In all of the life on planet Earth, including plant life, animal life and humanity only one species carries within each member the greatest distinctive of them all. It can’t be seen by a microscope or through DNA testing. It’s not the result of some evolutionary mutation or genetic drift. Science can’t repeat it in a laboratory. In fact, many scientists would argue it does not exist.
The foundational story of God’s creative work on earth tells us that when He made the first human He did so by crafting them in a fashion totally different than any other living creature. “So God created man in His own image; He created him in the image of God; He created them male and female.” (Genesis 1:27)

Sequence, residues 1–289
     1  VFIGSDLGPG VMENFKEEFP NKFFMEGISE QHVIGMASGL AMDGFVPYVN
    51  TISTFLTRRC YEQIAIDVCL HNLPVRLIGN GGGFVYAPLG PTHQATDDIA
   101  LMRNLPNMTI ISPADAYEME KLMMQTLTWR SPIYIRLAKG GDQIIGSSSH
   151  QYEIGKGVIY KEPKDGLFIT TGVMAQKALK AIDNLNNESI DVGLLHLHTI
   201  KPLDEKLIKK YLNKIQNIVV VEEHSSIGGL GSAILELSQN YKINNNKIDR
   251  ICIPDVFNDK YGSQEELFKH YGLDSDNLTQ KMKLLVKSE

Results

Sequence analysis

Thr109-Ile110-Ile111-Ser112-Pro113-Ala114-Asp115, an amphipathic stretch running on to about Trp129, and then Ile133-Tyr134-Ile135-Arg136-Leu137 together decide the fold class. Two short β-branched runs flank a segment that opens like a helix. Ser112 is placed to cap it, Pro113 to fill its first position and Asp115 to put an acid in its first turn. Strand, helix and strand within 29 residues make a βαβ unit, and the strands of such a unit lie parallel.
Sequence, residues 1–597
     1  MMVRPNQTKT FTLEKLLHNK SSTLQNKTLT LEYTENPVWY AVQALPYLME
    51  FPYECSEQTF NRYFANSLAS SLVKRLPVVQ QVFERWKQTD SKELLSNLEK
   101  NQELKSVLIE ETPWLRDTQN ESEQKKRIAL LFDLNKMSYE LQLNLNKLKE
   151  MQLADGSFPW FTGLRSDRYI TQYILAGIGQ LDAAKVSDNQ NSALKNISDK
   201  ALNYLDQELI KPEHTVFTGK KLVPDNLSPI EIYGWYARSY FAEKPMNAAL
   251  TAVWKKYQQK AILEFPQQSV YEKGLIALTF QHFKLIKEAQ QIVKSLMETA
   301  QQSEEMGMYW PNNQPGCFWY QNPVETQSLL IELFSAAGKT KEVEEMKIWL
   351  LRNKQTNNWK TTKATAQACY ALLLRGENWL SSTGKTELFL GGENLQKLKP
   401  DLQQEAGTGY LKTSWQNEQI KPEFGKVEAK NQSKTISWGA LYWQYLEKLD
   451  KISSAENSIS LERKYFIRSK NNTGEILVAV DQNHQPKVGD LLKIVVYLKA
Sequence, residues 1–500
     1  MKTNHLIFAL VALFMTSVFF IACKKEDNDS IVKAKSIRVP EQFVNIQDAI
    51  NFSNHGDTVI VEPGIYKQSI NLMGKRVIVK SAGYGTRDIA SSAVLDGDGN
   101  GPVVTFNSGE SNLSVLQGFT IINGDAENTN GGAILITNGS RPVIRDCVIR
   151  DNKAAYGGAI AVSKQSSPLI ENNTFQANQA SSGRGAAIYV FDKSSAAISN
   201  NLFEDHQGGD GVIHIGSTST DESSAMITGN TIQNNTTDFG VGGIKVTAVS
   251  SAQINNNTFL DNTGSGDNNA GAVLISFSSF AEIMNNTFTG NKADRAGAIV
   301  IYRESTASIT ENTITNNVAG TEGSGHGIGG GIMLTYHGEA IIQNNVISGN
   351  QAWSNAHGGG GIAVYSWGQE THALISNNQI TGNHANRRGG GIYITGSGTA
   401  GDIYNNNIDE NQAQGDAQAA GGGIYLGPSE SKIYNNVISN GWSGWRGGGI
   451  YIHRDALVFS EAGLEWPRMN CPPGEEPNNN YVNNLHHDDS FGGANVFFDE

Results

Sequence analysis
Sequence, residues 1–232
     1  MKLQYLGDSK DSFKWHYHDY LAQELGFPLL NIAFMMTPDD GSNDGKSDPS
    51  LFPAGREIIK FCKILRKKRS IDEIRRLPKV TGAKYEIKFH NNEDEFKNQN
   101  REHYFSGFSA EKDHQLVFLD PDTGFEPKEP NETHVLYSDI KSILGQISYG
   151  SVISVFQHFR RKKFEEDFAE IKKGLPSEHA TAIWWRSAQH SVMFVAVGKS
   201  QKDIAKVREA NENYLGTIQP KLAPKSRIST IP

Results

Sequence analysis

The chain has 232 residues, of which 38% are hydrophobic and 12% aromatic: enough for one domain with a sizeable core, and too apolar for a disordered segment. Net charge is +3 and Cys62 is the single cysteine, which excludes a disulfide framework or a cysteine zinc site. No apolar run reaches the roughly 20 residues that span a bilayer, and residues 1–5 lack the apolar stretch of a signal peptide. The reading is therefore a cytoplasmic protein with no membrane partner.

So much could be drawn from that one sentence. But because today is the 41st anniversary of Roe v. Wade I’ll just focus on who we are: created in God’s image.
How is it then that animals and plants, not bearing the image of their Creator rank higher on the preservation list than those who do? How is it that in the minds of some piping plovers and sea turtles must be protected at all costs, yet ending the life of unborn humans – the only of God’s creation for which Christ died – should be no one’s business but that of a woman and her doctor? How is it?
The answer must be that somewhere we lost the sacredness of whom we are: bearers of the image of God. I don’t know when that brick in our cultural foundation was lost, but on January 22, 1973 it was chiseled out by those who should be protecting the rights of the most helpless rather than labeling them persona non grata.